Today, Sudan vowed to rein in pro-Khartoum militias threatening a landmark north-south peace deal as representatives from various southern Sudanese factions prepared to meet to discuss the logistics of reconciliation.

Sudanese Second Vice President Moses Machar said ahead of the meeting that Khartoum would put to an end to militia activities in regions that it controls, notably Eastern and Western Upper Nile states in central Sudan.
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"Khartoum is ready to ally with Satan if it can protect its own interests"

China is now dependent on Sudan for seven per cent of all its oil imports.

CNPC's annual report discloses that about half of all its overseas oil comes from Sudan. It deployed 10,000 Chinese workers to build a 900-mile pipeline, linking Heglig oilfield in Kordofan province with Port Sudan on the Red Sea. Hence Beijing has gone to great efforts to shield Sudan's President Bashir.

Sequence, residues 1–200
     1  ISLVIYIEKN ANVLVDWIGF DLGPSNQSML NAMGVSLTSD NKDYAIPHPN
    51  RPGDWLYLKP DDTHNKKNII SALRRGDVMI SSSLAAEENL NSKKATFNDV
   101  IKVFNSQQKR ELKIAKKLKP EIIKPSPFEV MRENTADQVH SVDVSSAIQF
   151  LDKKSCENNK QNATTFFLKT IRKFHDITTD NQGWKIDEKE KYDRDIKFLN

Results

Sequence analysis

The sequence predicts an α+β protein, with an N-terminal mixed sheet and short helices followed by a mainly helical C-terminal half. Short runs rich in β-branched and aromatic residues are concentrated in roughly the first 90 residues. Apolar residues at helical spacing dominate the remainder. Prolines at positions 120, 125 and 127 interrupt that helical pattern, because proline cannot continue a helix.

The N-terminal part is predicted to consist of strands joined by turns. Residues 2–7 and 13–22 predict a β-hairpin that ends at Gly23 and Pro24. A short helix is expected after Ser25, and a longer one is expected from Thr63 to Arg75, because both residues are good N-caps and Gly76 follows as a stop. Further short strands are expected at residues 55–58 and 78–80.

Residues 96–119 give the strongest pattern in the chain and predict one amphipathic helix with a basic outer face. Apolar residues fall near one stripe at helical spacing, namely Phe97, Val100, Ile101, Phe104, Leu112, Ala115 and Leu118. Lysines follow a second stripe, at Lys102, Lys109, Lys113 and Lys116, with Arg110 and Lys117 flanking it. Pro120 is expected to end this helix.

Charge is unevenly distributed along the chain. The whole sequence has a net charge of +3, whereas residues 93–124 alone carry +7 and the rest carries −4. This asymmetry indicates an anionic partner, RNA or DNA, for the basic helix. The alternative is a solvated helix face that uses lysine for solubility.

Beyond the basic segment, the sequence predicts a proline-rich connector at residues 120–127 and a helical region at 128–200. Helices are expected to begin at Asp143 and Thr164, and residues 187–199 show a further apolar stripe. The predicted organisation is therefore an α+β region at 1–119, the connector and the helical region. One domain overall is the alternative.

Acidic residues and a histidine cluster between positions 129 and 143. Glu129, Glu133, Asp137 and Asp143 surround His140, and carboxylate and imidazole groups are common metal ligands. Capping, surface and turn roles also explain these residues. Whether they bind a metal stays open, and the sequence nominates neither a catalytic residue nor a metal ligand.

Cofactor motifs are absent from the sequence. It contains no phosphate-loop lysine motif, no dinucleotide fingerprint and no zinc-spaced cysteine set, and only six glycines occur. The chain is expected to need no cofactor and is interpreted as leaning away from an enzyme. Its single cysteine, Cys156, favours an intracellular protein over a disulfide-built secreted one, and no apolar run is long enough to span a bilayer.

Freshly painted billboards in Khartoum carry pictures of smiling Chinese oil workers and the slogan: "CNPC - Your close friend and faithful partner".

Read more in UK Telegraph by David Blair in Khartoum, April 23, 2005. Excerpt:

A metallic maze of chimneys, pipes and vents glitters on the horizon in the desert outside Khartoum, dominating the landscape for miles around.

This new oil refinery is the jewel in the crown of Sudan's military regime. It forms the vital artery of a thriving oil industry that poured £1 billion into government coffers last year.